If the Marlboroughs were out of favor in William’s reign, that was immediately corrected on Anne’s accession when Churchill returned to star on the public stage “with all the glamour of a hero in a masque” (p. 96). There was never any doubt that he and Godolphin, both at the height of their powers, would enjoy Anne’s entire confidence, though it was not until May 8, 1702, that Godolphin received the Lord Treasurer’s white staff to complement his friend’s status as captain-general of the allied forces in the War of the Spanish Succession. Both men were thoroughly professional and proficient in the discharge of their duties so long as they held office, though Godolphin’s style and his striking lack of interest in rewards for public service, had nothing of the duke’s delight in frequent, crowded levees where he and Sarah commanded attention. Harris also deservedly draws attention to the able public servants who assisted them, William Lowndes and Henry Boyle at the Treasury, and Adam Cardonnel and Henry Watkins, key members of the duke’s secretariat.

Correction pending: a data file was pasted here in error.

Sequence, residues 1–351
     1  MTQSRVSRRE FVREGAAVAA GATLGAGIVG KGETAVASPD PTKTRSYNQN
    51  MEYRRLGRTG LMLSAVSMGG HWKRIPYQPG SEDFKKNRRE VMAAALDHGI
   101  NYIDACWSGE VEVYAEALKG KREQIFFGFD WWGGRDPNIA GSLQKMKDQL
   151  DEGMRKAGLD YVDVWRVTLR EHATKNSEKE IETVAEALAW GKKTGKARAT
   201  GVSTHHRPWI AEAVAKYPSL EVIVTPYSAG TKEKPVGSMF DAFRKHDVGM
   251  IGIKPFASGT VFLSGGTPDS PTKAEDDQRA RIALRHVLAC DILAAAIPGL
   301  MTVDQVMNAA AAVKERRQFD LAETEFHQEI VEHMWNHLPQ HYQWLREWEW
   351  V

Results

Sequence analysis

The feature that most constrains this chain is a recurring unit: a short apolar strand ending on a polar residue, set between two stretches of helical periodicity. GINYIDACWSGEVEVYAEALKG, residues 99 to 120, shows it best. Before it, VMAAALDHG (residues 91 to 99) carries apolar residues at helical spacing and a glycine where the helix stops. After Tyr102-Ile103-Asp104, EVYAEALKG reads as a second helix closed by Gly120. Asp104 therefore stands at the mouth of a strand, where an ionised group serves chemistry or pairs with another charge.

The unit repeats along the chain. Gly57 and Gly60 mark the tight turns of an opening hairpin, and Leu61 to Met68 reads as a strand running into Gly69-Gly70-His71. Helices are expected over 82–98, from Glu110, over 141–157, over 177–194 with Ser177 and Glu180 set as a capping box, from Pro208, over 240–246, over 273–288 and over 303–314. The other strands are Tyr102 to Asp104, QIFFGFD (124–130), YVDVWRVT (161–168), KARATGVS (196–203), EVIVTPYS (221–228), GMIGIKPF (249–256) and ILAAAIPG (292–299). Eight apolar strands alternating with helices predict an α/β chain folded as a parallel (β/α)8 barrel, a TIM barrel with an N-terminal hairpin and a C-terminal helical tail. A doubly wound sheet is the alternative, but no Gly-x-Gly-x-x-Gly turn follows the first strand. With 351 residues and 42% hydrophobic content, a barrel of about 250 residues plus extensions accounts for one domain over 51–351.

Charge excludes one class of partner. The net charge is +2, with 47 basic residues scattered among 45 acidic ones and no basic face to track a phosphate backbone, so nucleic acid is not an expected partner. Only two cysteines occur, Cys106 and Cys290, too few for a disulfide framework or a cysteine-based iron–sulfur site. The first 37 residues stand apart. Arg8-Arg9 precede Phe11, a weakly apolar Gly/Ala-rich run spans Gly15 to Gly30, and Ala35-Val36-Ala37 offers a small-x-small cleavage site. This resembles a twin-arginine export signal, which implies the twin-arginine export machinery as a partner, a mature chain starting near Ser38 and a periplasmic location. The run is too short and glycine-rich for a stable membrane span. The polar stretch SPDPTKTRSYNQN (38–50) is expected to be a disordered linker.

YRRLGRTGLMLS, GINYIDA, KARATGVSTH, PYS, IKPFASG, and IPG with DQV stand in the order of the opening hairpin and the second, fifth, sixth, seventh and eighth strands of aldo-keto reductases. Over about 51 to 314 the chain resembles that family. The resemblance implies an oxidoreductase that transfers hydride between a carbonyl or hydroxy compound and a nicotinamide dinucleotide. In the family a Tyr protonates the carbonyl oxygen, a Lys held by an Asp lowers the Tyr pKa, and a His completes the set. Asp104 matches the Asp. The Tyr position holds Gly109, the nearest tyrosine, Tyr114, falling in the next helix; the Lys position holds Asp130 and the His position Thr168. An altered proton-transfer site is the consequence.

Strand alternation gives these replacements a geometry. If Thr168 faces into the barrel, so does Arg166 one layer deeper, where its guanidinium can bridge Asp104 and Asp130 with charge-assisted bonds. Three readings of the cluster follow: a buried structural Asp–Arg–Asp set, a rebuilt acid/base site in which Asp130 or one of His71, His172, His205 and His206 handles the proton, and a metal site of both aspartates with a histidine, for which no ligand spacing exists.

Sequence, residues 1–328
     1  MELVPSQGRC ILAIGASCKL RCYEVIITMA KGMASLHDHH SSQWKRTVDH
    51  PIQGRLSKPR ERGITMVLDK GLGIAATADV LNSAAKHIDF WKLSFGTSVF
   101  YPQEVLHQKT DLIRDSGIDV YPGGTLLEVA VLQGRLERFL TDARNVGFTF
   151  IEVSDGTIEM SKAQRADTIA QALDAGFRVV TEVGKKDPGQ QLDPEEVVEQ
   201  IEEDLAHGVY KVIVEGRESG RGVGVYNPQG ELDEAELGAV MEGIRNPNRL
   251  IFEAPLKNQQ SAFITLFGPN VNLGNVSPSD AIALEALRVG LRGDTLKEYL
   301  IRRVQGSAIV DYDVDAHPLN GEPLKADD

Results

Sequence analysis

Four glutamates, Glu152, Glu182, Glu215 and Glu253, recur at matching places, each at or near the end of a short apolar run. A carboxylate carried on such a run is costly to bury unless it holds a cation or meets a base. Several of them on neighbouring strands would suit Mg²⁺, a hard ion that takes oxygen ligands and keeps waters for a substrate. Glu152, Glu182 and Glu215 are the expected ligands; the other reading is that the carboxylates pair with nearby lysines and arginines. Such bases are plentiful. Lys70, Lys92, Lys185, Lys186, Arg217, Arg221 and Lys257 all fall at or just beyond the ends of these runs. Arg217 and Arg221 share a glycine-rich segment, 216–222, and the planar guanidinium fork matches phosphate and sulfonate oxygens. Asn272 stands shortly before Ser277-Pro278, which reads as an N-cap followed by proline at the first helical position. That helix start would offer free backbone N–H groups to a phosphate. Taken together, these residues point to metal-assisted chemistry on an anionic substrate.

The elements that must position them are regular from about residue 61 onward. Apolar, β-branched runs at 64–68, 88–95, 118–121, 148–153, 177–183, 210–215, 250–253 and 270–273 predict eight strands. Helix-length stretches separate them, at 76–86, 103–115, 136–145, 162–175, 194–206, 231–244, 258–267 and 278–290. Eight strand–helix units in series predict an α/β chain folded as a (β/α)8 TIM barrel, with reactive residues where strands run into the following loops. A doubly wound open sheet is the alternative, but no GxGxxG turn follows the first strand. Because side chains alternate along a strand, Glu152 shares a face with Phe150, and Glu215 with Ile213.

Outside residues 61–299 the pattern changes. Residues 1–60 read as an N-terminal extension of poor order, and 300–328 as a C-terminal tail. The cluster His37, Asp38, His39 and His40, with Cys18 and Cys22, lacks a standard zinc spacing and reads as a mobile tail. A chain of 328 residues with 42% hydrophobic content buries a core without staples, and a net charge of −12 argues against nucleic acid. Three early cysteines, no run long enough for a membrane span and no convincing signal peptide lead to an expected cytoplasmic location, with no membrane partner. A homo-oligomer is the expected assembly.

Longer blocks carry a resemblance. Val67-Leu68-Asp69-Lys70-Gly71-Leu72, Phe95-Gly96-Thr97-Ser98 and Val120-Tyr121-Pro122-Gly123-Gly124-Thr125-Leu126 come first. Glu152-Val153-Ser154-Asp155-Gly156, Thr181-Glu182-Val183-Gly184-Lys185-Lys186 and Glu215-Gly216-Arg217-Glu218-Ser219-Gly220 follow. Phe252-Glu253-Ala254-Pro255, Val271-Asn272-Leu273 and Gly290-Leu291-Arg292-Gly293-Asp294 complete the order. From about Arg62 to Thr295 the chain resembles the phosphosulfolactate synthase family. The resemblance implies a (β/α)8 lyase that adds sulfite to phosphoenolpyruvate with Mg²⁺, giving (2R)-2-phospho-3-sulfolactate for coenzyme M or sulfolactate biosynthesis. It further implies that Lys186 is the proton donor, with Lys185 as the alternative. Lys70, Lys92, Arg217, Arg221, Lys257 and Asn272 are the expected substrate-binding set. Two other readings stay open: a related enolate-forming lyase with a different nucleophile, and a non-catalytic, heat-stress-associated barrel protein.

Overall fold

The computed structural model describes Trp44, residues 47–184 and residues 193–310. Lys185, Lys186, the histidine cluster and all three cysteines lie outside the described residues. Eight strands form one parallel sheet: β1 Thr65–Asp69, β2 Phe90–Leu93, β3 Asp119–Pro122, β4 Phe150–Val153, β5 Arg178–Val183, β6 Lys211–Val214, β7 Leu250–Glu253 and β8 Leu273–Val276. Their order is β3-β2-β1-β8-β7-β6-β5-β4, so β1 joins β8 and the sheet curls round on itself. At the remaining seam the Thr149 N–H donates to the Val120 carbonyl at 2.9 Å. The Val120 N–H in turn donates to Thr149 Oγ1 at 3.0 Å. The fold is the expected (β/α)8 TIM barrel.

Thus we enter the golden years of this partnership, approximately 1702-7, which brought international renown to Marlborough and recognition of Godolphin as his indispensable coeval in managing Treasury and parliamentary business as well as, in his own right, to quote Harris, the “presiding genius” of the successful union negotiations with Scotland in 1706-7 (p. 189). As the duke kept the Grand Alliance functioning, to Godolphin fell the constant strain of maintaining government majorities in both houses: “we live the life of galley slaves,” he complained to Robert Harley in 1705 (p. 176), and that strain did not reduce when the priority of continuing the war on Marlborough’s terms led the “triumvirs” to become “duumvirs” with the sacking of Harley and the growing dependence on the Junto Whigs, an arrangement that was just about tolerable for Godolphin. The book’s originality in covering this well-trodden terrain is to highlight the private and the personal. If Godolphin’s loss of his wife had been a fearful blow, the death of the duke’s heir, Lord Blandford, in February 1703, was no less devastating for the Marlboroughs. It was only partly compensated for by the earlier marriage of Godolphin’s only son, Francis, to the duke’s eldest daughter, Henrietta. On Blandford’s decease, Francis was named heir to both families so long as he took the name of Churchill. Friendship and family connection thus turned into a common inheritance.